Well I have just got back from visiting cemeteries and thankfully the rain held off until we were in the car traveling back. We did visit a cemetery at night as is our tradition partly because; it looks great and secondly i want to take a few pictures. Each year we tend to go to a different cemetery and this year we visited one near our old apartment . There was limited parking and the police were controlling the traffic. In the cemetery there were lots of candles but few people (I think the rain put them off).
One of the big problems with taking pictures at night in a cemetery is light or the lack of it. This picture i shot at 200 ISO, 1 second at f2.8. I used a bench to steady the camera and shot away. The light from the candles contrast well with the darkness of the cemetery and gives subtle details of the graves. The light in the sky is a mixture of light pollution from the city and the glow from the candles.
At the central cross in the cemetery people were standing quite still praying or warming their feet. The night is quite chilly around 6 degrees celsius and the candles gave off a surprising good amount of heat. Since people weren’t moving i could shoot at 80 ISO with another exposure of 1 second at f.8. The main reason this exposure could have a larger aperture and lower ISO is because I was closer to the candles and they gave off much more light.
THis picture is a HDR via stacking. The images were shot at 1600 ISO. If i had put them through a HDR plugin then the noise of the image would be really intense. Instead i loaded the three exposures in camera raw and reduced the noise, then in Photoshop loaded the three exposures into layers using the stacking option that also aligns the images as they are loaded. I ordered the images base, under and overexposure and the using a hide all layer mask on the top two layers painted in the shadow and highlight details. It takes a bit more time than using a plugin but I can also use high ISO images with this workflow.
The image itself is one of my more common images from All Saints Day, candles on graves. I have been informed that the candle in the middle were very popular 15 years ago then people started buying lanterns. Though today i saw quite a few of these open candles so maybe they are coming back into fashion.
Thats All Saints Day over and done with for another year now the planning for the big family Christmas has begun.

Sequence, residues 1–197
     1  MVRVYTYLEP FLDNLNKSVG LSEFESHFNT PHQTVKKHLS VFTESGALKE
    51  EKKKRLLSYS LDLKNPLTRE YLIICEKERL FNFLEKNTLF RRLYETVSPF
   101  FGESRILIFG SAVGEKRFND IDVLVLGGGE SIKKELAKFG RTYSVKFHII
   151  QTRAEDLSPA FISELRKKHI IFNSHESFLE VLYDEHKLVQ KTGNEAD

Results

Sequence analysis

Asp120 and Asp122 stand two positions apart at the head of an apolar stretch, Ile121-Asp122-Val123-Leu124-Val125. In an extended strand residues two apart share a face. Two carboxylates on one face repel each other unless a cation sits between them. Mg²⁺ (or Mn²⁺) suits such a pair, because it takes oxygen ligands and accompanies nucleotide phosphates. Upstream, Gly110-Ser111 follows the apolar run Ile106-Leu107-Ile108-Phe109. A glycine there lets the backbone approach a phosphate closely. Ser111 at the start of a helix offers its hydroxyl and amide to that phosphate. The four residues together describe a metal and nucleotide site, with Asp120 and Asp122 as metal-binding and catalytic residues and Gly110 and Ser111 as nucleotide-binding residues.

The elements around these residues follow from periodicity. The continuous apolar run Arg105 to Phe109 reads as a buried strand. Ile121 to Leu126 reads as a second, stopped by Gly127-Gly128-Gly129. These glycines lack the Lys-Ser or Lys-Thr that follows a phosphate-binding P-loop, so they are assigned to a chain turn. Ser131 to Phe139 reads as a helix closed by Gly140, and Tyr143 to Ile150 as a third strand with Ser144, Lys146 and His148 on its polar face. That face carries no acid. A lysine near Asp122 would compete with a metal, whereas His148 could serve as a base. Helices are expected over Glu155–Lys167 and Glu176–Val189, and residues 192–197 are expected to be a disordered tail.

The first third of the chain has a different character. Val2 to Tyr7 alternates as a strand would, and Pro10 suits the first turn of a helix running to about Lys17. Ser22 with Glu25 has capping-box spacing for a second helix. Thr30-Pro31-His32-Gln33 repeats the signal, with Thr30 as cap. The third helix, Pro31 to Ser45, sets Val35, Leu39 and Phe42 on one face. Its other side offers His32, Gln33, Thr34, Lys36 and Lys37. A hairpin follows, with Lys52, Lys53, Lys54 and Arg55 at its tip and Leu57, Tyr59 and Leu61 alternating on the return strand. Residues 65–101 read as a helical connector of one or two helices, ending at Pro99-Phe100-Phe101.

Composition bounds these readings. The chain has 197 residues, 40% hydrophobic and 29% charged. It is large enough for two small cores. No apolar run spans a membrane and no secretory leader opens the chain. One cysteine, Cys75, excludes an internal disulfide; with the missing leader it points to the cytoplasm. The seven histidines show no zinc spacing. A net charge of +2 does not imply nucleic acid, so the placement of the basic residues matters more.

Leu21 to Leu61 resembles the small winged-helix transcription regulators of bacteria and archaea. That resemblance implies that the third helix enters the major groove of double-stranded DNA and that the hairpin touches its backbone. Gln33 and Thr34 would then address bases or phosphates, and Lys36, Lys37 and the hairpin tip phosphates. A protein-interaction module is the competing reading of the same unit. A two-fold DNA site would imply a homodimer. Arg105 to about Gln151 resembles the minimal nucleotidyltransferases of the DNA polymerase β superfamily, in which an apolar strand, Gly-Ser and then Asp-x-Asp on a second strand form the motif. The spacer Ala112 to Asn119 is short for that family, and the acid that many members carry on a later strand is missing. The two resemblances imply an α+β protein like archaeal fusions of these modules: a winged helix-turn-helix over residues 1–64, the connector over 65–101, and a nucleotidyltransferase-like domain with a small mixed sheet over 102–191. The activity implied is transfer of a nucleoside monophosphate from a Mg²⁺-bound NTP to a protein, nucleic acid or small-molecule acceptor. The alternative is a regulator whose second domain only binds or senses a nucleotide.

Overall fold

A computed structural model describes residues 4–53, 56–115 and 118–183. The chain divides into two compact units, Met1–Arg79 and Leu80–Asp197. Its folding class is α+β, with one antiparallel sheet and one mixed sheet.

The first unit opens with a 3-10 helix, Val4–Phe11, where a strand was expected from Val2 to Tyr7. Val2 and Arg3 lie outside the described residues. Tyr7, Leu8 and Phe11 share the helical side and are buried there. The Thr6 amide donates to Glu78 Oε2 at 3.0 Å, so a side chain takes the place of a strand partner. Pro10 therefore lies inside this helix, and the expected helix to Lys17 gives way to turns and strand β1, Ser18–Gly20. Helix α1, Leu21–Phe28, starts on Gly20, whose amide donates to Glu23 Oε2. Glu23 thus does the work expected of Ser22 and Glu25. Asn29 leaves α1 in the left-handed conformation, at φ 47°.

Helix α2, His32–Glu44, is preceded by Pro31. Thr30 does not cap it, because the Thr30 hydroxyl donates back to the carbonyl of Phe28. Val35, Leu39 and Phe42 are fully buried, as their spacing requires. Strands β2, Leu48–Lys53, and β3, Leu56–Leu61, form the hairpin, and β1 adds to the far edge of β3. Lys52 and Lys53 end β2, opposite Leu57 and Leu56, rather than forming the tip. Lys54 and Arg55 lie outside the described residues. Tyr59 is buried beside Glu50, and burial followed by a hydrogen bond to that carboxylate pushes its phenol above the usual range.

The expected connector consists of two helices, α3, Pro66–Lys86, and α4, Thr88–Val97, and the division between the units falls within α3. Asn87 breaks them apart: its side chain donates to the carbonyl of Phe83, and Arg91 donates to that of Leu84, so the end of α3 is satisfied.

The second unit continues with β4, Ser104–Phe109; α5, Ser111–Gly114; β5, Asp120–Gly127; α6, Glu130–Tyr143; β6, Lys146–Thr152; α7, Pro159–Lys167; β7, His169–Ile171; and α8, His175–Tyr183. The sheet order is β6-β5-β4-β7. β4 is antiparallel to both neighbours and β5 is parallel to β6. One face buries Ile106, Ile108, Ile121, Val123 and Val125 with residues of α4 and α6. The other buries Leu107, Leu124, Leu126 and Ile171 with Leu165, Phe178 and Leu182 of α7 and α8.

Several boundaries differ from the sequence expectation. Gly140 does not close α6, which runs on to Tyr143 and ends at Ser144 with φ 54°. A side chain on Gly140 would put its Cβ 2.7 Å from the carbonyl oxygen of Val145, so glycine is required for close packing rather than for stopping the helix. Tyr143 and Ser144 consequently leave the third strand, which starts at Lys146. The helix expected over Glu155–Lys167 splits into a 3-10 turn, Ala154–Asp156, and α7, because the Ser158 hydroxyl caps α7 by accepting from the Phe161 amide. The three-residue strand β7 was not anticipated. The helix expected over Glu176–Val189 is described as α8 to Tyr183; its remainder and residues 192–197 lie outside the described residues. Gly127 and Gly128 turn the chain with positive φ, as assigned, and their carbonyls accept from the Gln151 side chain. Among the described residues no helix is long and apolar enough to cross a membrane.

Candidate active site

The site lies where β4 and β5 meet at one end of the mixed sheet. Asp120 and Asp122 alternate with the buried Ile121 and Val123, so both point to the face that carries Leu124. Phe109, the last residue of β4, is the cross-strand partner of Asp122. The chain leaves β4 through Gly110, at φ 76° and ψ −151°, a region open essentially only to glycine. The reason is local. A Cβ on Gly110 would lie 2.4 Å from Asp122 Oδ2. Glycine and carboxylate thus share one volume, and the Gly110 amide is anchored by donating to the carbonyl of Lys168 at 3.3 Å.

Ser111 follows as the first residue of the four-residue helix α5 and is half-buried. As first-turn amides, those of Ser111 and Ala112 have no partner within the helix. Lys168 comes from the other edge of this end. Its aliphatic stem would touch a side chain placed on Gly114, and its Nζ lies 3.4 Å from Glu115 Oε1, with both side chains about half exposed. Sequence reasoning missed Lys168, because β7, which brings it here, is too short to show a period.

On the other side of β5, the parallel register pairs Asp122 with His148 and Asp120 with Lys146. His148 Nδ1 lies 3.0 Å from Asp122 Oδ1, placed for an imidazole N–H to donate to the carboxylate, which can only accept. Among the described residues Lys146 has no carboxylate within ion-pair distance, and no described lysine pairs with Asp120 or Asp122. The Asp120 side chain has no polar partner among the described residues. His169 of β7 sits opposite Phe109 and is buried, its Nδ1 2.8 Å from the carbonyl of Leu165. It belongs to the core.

Let me know in the comment section below what you think or if you have any questions.
3 thoughts on “Festival Of Light; All Saints Day Part II”
Great shots Ben, this strikes me as a very photogenic tradition. Do many people take photos? I think cemeteries provide a wealth of material for photographers, but my wife (for one) thinks that it is slightly weird taking pictures there (I disagree).
The HDR stacking in the final shot looks very natural (which is great) – it would be interesting to see the three images you used here.
I think it is quite a photogenic tradition and a lot of people do go in the evenings to look at the lights and the graves. In the four years i have been living here i haven’t seen anyone else taking pictures. I think when you’re taking pictures you have to do it in a sensitive way and most people would probably be put off because of the non use of flash and longer exposures. That being said others must be doing it as well.
I can understand your wife’s point of view and some people do look at you as if you are being wierd. My wife could see that i wanted to get low to the ground at one point to capture the mass of candles around the central cross in the cemetery and she asked me not too. I think this is mainly because people were praying here and also she can get embarrassed by me lying on the floor taking pictures. On the other side the light in the cemetery and around the graves is fantastic with lots of creative possibilities.
Normally on friday I write a Re-edit series but after reading your comment I am going to show my work flow for this image. Keep your eyes peeled.
Thanks for commenting.